So, I have to say I was not surprised that when we voted for change in the last presidential election, when we took the White House out of the hands of a conservative Republican and handed it over to a liberal Democrat, not a whole lot changed -- at least not in the big picture of global power. Today, Gitmo still holds political prisoners, Wall Street executives make out like the bandits they are, and mercenary killers like Blackwater founder Eric Prince escape prosecution by legally fleeing to places like Dubai. Meanwhile, whistleblowers such as Wikileaks founder Julian Assange are threatened with prosecution, even as the perpetrators of the crimes disclosed are praised.
Perhaps no one should be surprised when a nation that obsesses over reality shows that have nothing to do with reality finds itself with a president who appears on The View but will not answer direct questions about when the troops will be brought home or how he will reduce the influence of the corporatocracy in Washington.
So what is the real change since Obama's election? The biggest change is that we the people have cast off our blinders. We have lost our innocence, and our questions about why Obama hasn't kept his promises have swirled around the 2010 elections.
I am so relieved every time a caller on a radio show or a member of one of the audiences where I am speaking raises questions about Obama. Why? Because I get to elaborate on the good news.
The Good News
For the first time in history this new global system -- which amounts to a unique and clandestine form of empire -- has been created not by military force, but through the sale of goods and services. The marketplace is democratic, once we decide to see it as such. It is the ultimate polling booth. Corporations exist only because we vote for them in their stores, at the malls, and over the Internet, or through our tax dollars.
It is up to us to decide which companies will succeed and which ones will fail.
Politicians will not change the world. They are beholden to big corporations that finance their campaigns and give them jobs when they leave office. And, if that is not enough, they fear assassination.
We the people hold the power.
We can now connect with one another at the speed of a click, a mobile text, or a tweet. We can mobilize through technology that puts us closer to one another than we've ever been before. We can use all these new media tools not for profit-making but for our very real and attainable goal of attaining justice for all.
We must stop believing that electoral politics is the only outlet for our vigilance and activism. We have only to look at our elected leaders to see how they disappoint us by not passing the health care legislation we truly need, by not protecting the environment, and by bailing out the rich while taxing the poor.
About 150 years ago, we as a nation voted for Abraham Lincoln, and then we fought the Civil War to get rid of slavery. Later our women picketed Woodrow Wilson over women's suffrage everywhere he went; they would not allow him to send troops into WWI to defend democracy in Europe until women participated in democracy in the United States. We held teach-ins for Richard Nixon to educate him and the country on the travesty that had become the Vietnam War. We won those struggles, because we the people forced our leaders to change. In recent decades, we forced corporations to stop supporting apartheid in South Africa, as well as to clean up polluted rivers, do away with ozone layer destroying aerosols, open their doors wider to minorities, and remove trans fats and antibiotics from our foods.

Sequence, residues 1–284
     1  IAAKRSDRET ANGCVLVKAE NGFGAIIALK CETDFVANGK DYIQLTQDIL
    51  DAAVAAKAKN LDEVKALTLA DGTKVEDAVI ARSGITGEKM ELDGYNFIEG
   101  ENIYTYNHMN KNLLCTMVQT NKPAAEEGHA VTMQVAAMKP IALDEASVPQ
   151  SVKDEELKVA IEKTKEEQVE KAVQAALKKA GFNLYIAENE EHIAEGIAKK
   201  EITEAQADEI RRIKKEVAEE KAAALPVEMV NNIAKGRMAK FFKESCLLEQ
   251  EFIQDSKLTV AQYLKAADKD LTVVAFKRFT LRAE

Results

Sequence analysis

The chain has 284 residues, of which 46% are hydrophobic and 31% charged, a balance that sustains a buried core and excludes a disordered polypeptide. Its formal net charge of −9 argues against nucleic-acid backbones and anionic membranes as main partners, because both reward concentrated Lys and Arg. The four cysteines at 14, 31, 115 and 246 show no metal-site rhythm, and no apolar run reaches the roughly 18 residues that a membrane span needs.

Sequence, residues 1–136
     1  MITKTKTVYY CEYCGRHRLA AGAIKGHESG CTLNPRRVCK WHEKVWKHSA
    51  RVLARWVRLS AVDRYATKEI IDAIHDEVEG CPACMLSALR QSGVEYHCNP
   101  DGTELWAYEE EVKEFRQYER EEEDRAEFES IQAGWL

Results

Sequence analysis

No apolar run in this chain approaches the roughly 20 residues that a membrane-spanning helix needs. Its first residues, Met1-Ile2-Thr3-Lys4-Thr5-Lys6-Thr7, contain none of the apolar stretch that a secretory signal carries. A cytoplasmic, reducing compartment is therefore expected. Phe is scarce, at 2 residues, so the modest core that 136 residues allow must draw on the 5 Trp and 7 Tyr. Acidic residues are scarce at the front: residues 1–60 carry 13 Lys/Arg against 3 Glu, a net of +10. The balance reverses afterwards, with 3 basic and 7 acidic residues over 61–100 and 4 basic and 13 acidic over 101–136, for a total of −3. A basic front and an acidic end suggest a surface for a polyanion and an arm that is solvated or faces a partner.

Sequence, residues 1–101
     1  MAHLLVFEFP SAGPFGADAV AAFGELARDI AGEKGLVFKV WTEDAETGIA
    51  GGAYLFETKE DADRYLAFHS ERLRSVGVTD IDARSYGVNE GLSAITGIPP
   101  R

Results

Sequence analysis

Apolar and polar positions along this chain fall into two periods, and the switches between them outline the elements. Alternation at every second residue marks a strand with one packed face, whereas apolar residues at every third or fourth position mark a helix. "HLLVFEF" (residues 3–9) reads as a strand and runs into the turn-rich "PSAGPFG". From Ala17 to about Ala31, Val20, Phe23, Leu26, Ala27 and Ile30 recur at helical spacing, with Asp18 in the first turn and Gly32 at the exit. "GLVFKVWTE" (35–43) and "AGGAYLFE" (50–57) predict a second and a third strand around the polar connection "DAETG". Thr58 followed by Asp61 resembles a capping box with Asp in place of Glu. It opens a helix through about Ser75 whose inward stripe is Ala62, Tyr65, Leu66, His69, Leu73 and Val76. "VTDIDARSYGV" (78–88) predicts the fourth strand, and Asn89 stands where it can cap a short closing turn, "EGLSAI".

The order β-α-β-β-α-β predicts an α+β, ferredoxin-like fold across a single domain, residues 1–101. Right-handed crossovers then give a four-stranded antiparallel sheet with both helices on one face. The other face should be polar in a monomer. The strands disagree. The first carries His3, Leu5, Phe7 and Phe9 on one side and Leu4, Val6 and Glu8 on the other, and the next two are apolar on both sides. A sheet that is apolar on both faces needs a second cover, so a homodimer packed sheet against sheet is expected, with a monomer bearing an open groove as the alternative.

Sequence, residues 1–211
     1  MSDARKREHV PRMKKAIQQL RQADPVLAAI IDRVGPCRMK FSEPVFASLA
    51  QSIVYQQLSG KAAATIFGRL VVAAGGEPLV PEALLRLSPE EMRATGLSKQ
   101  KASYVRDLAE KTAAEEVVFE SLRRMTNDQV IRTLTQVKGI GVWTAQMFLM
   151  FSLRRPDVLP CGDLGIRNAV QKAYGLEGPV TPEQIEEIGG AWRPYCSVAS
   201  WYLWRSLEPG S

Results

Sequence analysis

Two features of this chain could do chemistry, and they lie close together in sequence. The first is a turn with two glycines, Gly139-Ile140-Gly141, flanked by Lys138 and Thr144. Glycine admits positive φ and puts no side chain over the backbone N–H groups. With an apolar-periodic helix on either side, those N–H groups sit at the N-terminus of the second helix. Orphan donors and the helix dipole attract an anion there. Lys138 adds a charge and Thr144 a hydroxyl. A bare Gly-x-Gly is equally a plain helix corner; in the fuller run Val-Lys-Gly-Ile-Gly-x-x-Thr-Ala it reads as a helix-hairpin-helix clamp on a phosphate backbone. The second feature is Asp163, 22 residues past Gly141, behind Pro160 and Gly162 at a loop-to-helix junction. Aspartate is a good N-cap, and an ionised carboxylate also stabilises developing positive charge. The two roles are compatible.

Today, we the people are called upon to speak again. The corporatocracy is driven by a single goal -- to maximize profits, regardless of the social and environmental costs. We must convince it to change that goal. It is essential that we each walk our talk, that we commit to buying only from companies that are socially and environmentally responsible -- and to sending emails to the ones we patronize and the ones we don't, explaining our actions. At the same time, we need to send a clear message that we expect our leaders to lead us out of a fear-based, war-machined economy into one that produces things that enhance life: sustainable energy; equipment that cleans up polluted soil, air, and water around the globe; methods whereby hungry people can grow, store, and distribute organic, local foods; and social systems with health and educational systems that create a world our children will want to inherit.
When we impact bottom lines, we change stock prices and attract the attention of boards of directors. Those boards influence the decisions made in the halls of legislatures.
Some people believe that electing a third-party candidate would provide a solution. The real problem, they feel, has to do with the similarities between the Democrats and Republicans and the fact that they are both so closely linked to the corporatocracy. I agree that a strong third party would benefit our nation, but it is naive to think that a president from such a party would not be subject to the pressures Obama faces, including the fear of assassination. Once in the Oval Office -- if not before -- he or she would be read the Riot Act.
It is both unfair and unrealistic to look to any president, including the current one, to change the world. We are the ones who will have to do it. I lay out a detailed plan of action on what we can do in my latest book, Hoodwinked. We must force those in control to adopt a new goal for the people of our planet: creating a sustainable, just, and peaceful world for all who live on this special space station we call home.
Perhaps President Obama's greatest gift to us will be that he taught us a lesson in democracy. He is vulnerable but we are not. We the people must take charge and be the change. We cannot expect a president to change the world. It is up to each of us to do that.
John Perkins is former chief economist at a major international consulting firm and bestselling author of many books, including Confessions of an Economic Hit Man. Subscribe to his newsletter at http://www.johnperkins.org/ or follow his tweets at @economic_hitman. Editorial input for this article was provided by Nettie Hartsock.
Source Citation: Perkins, John. 2010. Obama: The Fear of Assassination and What You Can Do About It. Tikkun 25(6): 21